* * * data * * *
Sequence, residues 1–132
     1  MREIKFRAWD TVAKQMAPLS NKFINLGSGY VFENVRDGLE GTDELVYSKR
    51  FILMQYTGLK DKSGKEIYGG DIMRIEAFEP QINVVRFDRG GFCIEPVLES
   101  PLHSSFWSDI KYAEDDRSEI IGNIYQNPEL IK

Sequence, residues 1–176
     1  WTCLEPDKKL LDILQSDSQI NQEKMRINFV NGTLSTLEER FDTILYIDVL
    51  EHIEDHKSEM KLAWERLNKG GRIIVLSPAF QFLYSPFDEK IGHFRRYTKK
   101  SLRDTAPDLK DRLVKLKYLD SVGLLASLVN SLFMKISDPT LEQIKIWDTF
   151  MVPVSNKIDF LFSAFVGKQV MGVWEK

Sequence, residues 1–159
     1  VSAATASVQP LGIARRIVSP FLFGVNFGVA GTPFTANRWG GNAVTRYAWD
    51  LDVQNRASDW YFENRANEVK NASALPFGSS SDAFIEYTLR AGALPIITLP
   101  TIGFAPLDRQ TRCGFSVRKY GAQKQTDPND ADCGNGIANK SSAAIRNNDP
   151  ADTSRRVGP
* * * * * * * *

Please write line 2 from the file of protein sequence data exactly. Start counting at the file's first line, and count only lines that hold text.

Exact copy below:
     1  MREIKFRAWD TVAKQMAPLS NKFINLGSGY VFENVRDGLE GTDELVYSKR